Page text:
I understand that you're a former dancer. How did your background in dance prepare you for writing and how did that shape your book?
Dede: My dance training probably helped a lot with the discipline and stick-to-it ness it takes to see a book through to the end and then some. As a dancer I saw how over time, practice brought results. So when the going got tough, and I was convinced this book was destined for the delete button, I could slowly tease myself around to knowing that things have to start somewhere and that knowing something's awful means it can only get better.
As a dancer, I loved ballets with a story and emotional arc. I've always had a great imagination and writing brought it together with the love of story.
How long did it take you to write this book? What's the significance of the snipings/shooting? Is there a significance?
Dede: This book took five years in total. Two years writing nothing else. And then three years of on and off editing and revising. I write everyday, often seven days a week, which I think help allows things to percolate on a subconscious level.
I wrote the original draft of Sympathy before 9-11. After 9-11 happened I knew I couldn't set a book in a suburb of D.C. without incorporating it. I heard stories from my family who still live in the area about the day the plane crashed into the Pentagon and how militarized life was becoming. So I set [the book] in the fall of 2002 and only later realized that was the very time of the beltway snipers. So I researched that and put it in along with real incidents reported to me from my family, such as having to pump gas behind giant tarps separating them from the streets, armed guard on street corners, having to keep their kids home from school, etc.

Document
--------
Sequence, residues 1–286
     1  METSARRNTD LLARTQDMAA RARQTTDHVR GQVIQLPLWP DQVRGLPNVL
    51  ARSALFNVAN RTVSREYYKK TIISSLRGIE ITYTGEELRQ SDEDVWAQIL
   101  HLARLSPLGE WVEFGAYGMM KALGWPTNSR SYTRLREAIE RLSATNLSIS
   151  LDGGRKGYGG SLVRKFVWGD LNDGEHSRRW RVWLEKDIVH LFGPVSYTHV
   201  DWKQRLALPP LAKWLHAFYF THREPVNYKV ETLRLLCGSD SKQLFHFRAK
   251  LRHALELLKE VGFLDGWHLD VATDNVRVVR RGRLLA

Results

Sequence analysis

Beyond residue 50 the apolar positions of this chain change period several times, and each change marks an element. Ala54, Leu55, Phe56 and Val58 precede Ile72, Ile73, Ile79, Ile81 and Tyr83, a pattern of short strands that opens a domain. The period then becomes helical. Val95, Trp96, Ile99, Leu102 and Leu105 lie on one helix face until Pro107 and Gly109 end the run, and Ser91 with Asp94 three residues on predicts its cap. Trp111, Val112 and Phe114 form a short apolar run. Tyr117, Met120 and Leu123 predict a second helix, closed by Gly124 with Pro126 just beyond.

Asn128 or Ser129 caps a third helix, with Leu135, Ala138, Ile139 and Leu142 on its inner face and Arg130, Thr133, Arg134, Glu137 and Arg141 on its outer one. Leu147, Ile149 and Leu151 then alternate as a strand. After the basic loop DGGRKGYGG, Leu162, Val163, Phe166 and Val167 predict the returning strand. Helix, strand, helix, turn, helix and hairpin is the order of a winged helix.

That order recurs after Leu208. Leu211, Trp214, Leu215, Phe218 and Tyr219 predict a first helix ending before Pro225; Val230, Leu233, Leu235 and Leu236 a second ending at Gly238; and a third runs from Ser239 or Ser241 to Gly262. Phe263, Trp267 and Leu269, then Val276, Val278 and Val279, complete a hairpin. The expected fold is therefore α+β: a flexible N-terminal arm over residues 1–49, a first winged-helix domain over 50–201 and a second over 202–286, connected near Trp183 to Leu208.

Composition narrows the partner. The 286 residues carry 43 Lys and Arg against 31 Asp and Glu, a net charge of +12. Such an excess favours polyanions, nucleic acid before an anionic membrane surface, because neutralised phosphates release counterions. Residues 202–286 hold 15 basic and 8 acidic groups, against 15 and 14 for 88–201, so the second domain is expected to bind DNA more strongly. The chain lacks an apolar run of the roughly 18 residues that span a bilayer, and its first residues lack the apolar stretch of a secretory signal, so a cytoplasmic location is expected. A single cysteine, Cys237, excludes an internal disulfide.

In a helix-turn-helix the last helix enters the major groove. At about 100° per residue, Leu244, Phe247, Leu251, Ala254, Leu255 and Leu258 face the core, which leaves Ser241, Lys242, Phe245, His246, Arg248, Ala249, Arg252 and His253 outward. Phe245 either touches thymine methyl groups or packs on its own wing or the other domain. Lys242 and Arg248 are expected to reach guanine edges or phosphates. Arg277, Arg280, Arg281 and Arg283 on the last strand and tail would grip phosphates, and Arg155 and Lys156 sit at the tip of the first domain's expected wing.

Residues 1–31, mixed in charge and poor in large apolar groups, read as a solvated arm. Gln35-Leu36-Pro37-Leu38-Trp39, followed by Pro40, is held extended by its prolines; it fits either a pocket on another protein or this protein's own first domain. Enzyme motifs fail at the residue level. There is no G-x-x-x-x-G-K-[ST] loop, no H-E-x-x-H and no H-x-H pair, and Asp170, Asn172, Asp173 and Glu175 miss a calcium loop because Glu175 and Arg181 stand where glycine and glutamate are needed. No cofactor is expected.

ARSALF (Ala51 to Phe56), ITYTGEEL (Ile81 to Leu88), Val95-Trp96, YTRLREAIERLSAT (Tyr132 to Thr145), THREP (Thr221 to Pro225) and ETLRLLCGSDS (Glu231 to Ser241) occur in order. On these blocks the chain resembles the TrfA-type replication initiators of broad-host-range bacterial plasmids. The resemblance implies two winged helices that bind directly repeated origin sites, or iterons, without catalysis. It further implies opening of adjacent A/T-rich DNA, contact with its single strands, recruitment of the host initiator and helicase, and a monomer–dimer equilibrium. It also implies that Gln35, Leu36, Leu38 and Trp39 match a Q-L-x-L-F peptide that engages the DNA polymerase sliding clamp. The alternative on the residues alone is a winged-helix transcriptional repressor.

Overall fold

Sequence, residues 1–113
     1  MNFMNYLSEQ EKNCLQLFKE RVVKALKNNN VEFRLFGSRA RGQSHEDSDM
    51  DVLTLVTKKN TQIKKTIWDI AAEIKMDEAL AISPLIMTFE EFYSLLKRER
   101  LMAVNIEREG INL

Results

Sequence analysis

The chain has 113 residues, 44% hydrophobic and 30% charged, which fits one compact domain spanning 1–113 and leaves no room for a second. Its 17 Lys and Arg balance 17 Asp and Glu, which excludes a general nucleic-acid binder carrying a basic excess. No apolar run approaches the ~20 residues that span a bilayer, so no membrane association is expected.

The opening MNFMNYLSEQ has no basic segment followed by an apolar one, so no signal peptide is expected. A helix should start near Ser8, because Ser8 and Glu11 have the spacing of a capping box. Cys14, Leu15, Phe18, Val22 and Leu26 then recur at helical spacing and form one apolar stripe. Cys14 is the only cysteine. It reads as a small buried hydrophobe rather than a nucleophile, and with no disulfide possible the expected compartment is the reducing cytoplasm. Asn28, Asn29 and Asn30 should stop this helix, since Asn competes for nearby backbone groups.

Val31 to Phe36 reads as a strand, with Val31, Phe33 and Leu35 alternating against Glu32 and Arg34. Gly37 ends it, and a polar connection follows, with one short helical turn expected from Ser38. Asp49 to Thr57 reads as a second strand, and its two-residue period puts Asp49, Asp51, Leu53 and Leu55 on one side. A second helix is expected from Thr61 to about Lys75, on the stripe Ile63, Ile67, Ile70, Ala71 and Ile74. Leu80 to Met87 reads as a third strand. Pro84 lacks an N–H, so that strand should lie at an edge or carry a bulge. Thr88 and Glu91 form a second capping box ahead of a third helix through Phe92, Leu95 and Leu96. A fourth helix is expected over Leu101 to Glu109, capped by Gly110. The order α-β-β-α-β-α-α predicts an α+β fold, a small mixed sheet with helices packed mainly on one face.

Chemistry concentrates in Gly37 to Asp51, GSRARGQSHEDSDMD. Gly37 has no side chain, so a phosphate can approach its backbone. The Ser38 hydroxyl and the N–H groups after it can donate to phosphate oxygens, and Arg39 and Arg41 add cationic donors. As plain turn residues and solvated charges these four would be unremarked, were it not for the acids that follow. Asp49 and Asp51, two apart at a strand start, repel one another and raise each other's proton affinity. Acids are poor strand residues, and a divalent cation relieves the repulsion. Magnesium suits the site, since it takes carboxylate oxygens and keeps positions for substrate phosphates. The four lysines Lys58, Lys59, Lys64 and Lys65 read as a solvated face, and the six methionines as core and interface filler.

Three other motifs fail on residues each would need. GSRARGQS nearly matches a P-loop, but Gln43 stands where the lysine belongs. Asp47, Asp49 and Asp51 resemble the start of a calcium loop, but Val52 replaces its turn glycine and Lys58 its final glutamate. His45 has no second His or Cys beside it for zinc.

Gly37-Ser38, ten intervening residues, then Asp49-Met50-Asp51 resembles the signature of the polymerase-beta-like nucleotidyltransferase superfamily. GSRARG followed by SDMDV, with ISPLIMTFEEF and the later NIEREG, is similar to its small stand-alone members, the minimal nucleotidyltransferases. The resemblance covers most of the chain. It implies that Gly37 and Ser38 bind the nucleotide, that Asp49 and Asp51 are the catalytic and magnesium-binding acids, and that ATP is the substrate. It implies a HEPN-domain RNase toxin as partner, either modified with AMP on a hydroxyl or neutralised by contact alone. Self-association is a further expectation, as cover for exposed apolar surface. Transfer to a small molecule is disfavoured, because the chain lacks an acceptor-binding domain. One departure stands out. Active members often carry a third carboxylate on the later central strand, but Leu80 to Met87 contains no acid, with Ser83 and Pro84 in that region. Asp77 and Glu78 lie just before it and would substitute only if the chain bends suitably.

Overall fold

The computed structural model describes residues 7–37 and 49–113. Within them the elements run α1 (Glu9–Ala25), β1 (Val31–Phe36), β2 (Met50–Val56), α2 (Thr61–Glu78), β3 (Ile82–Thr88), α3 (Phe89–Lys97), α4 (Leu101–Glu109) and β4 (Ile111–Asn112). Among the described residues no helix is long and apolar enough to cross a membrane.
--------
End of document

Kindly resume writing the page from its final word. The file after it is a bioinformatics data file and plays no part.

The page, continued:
So I realized I had a macrocosm of PTSD happening outside the microcosm in Rosewood clinic.
What do you feel are some of the themes of the book?
Dede: The most important theme to me is the interconnectedness of people. Whether we're conscious of it or not, we are influencing and continually being influenced by our environment and the people in it. And in this way, we all, as individuals, help create our world and the society in which we live. A first step to understanding this is to understand that our body and mind aren't separate from each other. And when the two are in sync, in balance--and not just conceptually so--we discover our fearlessness and our goodness, and therefore our ability to love.
Thank you to Dede and Alexis
Law One: Always make your future bigger than your past.
Dan Sullivan and Catherine Nomura have written a little book with big, life-changing principles. The Laws of Lifetime Growth is about how you can take charge of your future.
Dan and Catherine are teachers and coaches and the book sets out 10 principles for personal and business success. The idea is to live a life of continual growth and fulfillment.
Who doesn't want that? Well, as they note on their website, lifetimegrowth.com, there are some who believe that they've already gone as far as they can go. There are some who lack confidence or direction. And some who feel the sky's the limit but are unable to get there. So step one is to read the book.
"The Laws of Lifetime Growth offers remarkable, instantly usable insights, changing the way you think, and empowering you to take command of your future." (Lifetimegrowth.com)
Lifetimegrowth.com is its own amazing resource. Check out the authors' blog, read the laws, order the book, or sign up for the newsletter.
The second podcast in Raincoast Books' literary podcast series is now available.
Subscribe to the Raincoast podcasts via RSS at
Or subscribe to the podcast directly from iTunes. From iTunes simply search in the podcast section for "Raincoast Books".
(If you already have iTunes installed, you can follow this link.)
Indigenous Beasts is a chilling collection of stories from Nathan Sellyn--an extraordinary storyteller and a bold, young writer whose work is energetic, shocking and distrubing.